There's something elusively charming about the Regency period that makes it hard to properly portray on paper. Jane Austen made it a diverting entity, but in many regards, its fame starts and ends with her. The Regency novels I've encountered of late, particularly those released by large Christian publishing houses, leave me disinterested only a few pages in. They lack the sparkling vivacity, biting wit, and attractive decorum of the period; the feel for the era escapes their grasp. Georgette Heyer, however, is quite the opposite. Jenny and Abigail first introduced her to me back in August, and as the premise of The Grand Sophy sounded promising, I did my best to obtain a copy posthaste.
After all, "a little Regency romance would set me up forever!"
The Grand Sophy
By Georgette Heyer
*Summary taken from Goodreads.com
When Lady Ombersley agrees to take in her young niece, no one expects Sophy, who sweeps in and immediately takes the ton by storm. Beautiful, gay, impulsive, shockingly direct, Sophy scatters conventions and traditions before her like wisps in a windstorm. But she soon discovers that her aunt's family is in desperate need of her talent for setting everything right: her uncle is of no use at all, the ruthlessly handsome cousin Charles has tyrannical tendencies that are being aggravated by his grim fiancee; lovely cousin Cecelia is smitten with an utterly unsuitable suitor, a poet; cousin Hubert is in dire financial straits; and the younger children are in desperate need of some fun and freedom.
She beccomes the mainstay of her hilariously bedeviled family, as a horsewoman, social leader and above all, an ingenious match-maker. Using her signature unorthodox methods, Sophy set out to solve all of their problems. By the time she's done, she has commandeered Charles's horses, his household, and finally, his heart. Could it be that the Grand Sophy has met her match...?
My Thoughts: This book is just pure fun. It proved the perfect fit for the last few weeks of summer: light, engaging, and vastly entertaining. Sophy and her hilarious antics (which always seem to turn out right in the end) keep the plot in a constant state of anticipation. I was familiar with the setting already, having grown up on Jane Austen, but it was nice to have some fresh material for my brain to enjoy. True, the two authors have very different styles (they're divided by a century and a half, after all), but their characters and their humor make them both worth the reading.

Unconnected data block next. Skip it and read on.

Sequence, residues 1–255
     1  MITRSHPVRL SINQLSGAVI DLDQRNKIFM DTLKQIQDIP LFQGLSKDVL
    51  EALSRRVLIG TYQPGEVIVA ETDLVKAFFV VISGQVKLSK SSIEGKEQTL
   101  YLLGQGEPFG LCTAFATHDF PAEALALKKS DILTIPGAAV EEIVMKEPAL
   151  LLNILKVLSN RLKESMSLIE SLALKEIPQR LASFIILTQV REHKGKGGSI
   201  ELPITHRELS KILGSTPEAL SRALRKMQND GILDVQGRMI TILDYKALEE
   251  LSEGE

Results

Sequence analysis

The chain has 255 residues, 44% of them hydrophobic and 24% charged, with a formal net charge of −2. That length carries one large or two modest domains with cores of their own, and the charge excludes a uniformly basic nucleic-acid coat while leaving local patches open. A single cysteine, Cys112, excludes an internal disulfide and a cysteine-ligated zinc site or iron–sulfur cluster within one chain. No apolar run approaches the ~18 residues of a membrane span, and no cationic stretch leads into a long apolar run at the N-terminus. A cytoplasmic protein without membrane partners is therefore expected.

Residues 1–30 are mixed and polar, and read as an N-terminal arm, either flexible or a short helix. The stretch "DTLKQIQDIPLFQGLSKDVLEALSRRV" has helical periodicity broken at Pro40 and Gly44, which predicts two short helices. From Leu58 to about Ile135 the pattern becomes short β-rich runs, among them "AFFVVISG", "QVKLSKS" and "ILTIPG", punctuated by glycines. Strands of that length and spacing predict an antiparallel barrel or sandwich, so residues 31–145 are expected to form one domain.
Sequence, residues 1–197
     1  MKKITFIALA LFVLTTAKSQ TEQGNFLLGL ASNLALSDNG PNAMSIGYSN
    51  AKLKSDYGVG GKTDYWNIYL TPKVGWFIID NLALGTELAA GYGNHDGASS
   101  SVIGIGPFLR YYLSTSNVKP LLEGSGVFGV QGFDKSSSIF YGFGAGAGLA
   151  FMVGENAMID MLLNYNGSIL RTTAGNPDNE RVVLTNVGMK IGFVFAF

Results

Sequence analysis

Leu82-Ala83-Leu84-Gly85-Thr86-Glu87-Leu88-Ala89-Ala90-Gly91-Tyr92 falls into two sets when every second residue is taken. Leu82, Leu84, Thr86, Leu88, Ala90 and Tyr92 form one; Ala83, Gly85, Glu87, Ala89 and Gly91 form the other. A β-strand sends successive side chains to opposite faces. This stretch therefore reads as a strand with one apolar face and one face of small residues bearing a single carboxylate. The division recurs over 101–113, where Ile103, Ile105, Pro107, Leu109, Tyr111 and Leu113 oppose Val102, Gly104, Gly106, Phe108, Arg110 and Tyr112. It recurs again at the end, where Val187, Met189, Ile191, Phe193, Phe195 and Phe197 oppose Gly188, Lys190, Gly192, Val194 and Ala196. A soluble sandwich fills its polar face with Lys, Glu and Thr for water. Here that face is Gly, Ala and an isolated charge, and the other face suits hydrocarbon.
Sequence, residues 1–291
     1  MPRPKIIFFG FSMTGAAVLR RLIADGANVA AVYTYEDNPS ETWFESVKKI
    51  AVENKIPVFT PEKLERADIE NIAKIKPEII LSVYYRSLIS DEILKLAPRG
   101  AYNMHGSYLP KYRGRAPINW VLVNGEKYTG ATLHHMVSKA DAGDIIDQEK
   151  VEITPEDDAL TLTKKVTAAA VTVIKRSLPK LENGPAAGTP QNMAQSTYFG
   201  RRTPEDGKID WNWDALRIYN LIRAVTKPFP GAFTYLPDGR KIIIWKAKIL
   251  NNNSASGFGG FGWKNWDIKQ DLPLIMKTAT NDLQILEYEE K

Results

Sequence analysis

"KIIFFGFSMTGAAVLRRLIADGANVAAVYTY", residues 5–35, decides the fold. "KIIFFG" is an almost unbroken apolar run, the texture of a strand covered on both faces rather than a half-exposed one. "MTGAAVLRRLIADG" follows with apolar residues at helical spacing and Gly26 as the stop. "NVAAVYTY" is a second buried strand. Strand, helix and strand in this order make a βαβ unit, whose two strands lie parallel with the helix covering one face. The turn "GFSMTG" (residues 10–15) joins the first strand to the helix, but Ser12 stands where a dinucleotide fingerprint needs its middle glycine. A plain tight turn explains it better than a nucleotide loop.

More than anything, my appreciation for Georgette Heyer as a historical writer grew by leaps and bounds with this book. She captures the Regency period with a fluid accuracy that feels neither rushed nor forced. There were no awkward instances where a character would say something glaringly modern, and no general sense of being jarred abruptly back into the twentieth century (Ms. Heyer lived and wrote in the mid-1900s). Rather than making apologies by adapting the eighteenth century language for a more recent tongue, the book opens on the assumption that you are no stranger, but a longtime friend, and forces you into a familiarity with even the most obscure colloquiallisms the age had to offer. For this and many other reasons, The Grand Sophy stands as an excellent example of historical writing done right.
But the best part about this book is truly Sophy herself, who is every bit as grand as the title indicates. Her wit and matchmaking skills are unrivaled, and the way she wrangles each character to suit her various purposes is both diverting and astonishing. Sophy captures the reader's heart from the minute she steps over the Ombersley doorstep, and she doesn't release it until the final page. She's unlike every heroine there ever was or is ever likely to be, and if you want to understand why, you'll simply have to read the book.
(And don't step on the ducklings!)
(And don't step on the ducklings!)
Pros: A hilariously rip-roaring plot filled with verbal sparring, matchmaking, and several amusing tangles which Sophy takes upon herself to smooth out. The story sweeps along quite briskly, catching you up in the wind and refusing to release you until the end. While Cecelia's relationship with Fawnhope displays that relationships built on outward appearances have no permanent foundation, Charles' engagement to Eugenia Wraxton argues that a man and woman must share more than a common mind if they are to be suitably wedded. Heyer's unique romantic pairings by the novel's end reveal that marriage must be based on both intellect and affection, rather than an excess of one over the other, if it is to stand time's test.
Cons: Sophy and Certain Other Characters are known to exclaim "Good God!" in moments of great stress or strain. "Damn" also shows up several times. I didn't find the latter as offensive, as it was true to the period, but it's worth noting for the sake of younger readers. Some of the more minor characters also tend towards flat personalities at times, but it does serve to highlight Sophy and Charles' dynamic natures.
Rating: 4.5 out of 5 stars
I recommend this book for ages 14+
A Bit o' Reading For the Day:
“I promise you, Charlbury, you shall come out of it with a whole skin—well, no, perhaps not quite that, but very nearly!” — The Grand Sophy